Under the Sea
Food Issues Book Club - The Ethics of What We Eat, Chapter 9

Hello all!  Welcome to the NOiG Food Issues Book Club, wherein I read books about food stuff, summarize each book by chapter, and then attempt to apply that book chapter's ideas to the New Orleans food environment and my own experiences.  Fun right?!  Check out previous installations here.  I'd love it if you'd read along and join in!  And now, without further ado...

The Ethics of What We Eat, Chapter 9: Seafood

Peter and Jim,

I am glad for the opportunity to write to you regarding the ethical issues of the seafood industry.  I write of course in response to the ninth chapter of your book The Ethics of What We Eat, titled simply Seafood.

I was surprised when you mentioned in the first paragraph that shrimp are now a more popular seafood than tuna, though I suppose I shouldn't have been.  I have also seen very few estimates of how many sea creatures are harvested for food each year such as the one you provide of 17 billion; the common numbers of 55 to 65 billion animals killed for food annually generally exclude sea life, as aquatic animals are so often measured by the pound rather than as individuals.  There is a logic in this, I suppose: while one pig or cow, or even one chicken, will provide multiple meals, crustaceans and mollusks are often eaten a dozen or more (sometimes many more) in a sitting.

Having spent nearly 2/3 of my life on the Gulf Coast, seafood is an integral part of my culture (even though I don't eat animals anymore).  Shrimp were my favorite food as a child; I was a master peeler.  For this reason, I spent a long time believing that we on the Gulf were somehow immune from the industry's worst practices.  Honestly I still cling to this idea, despite knowing about labor abuses and racial tensions in Louisiana seafood production.  To shrimp in the Gulf we use bottom trawlers, and I'm relieved that you state that it's not as damaging to do this in the Gulf as it is in areas with different biogeography.  But as you explain, the 90% of domestic shrimp that come from the Gulf of Mexico accounts for only 13% of shrimp eaten in the US.  We are mostly eating imported shrimp.  How foolish.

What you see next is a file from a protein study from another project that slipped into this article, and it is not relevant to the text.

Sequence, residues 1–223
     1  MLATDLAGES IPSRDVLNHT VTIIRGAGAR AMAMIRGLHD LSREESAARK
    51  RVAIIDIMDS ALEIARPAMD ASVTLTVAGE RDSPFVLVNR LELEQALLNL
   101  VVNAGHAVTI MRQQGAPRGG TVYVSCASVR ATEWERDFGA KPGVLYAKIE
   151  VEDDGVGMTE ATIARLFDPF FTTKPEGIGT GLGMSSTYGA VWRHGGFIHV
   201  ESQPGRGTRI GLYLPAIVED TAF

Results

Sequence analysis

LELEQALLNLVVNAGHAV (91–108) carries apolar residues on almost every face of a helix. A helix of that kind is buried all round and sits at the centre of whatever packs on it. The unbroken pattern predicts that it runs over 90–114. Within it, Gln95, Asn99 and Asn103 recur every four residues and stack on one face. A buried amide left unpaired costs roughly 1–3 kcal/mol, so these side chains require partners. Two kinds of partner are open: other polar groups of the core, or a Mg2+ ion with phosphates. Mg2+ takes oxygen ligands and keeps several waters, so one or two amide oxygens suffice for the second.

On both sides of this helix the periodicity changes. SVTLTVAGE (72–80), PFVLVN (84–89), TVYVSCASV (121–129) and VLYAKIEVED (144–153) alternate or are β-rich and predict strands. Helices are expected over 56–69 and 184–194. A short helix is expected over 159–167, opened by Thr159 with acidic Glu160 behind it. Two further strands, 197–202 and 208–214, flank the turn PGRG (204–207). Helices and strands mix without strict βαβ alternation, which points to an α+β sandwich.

The idea of eating imported seafood here in New Orleans is fairly absurd, particularly when it comes to sea creatures that we could obtain locally.  Eating imported shrimp here is contrary to deeply held cultural values.  I can have no respect for locally owned restaurants that serve imported shrimp.  Even worse are the restaurants fraudulently claiming that their shrimp come from the Gulf - indicating that it's important enough to locals that business owners are willing to lie about it.  Indeed, over 66% of readers polled by New Orleans newspaper Nola.com | The Times Picayune chose "yes" when asked "Do you care where the shrimp you buy comes from?", with another 27% answering that they "want to support our local fishers."

If only 13% of the national shrimp supply is even from the US, and 30% of shrimp claiming to be sourced from the Gulf are mislabeled, how can our residents be sure that they are living their values when they choose to eat shrimp?  Well of course we have a certification program.  The Certified Authentic Louisiana Wild Seafood (CALWS) program, run by the Louisiana Department of Wildlife and Fisheries, is the only way I know to guarantee that your shrimp and other seafood items are actually from Louisiana Gulf of Mexico waters.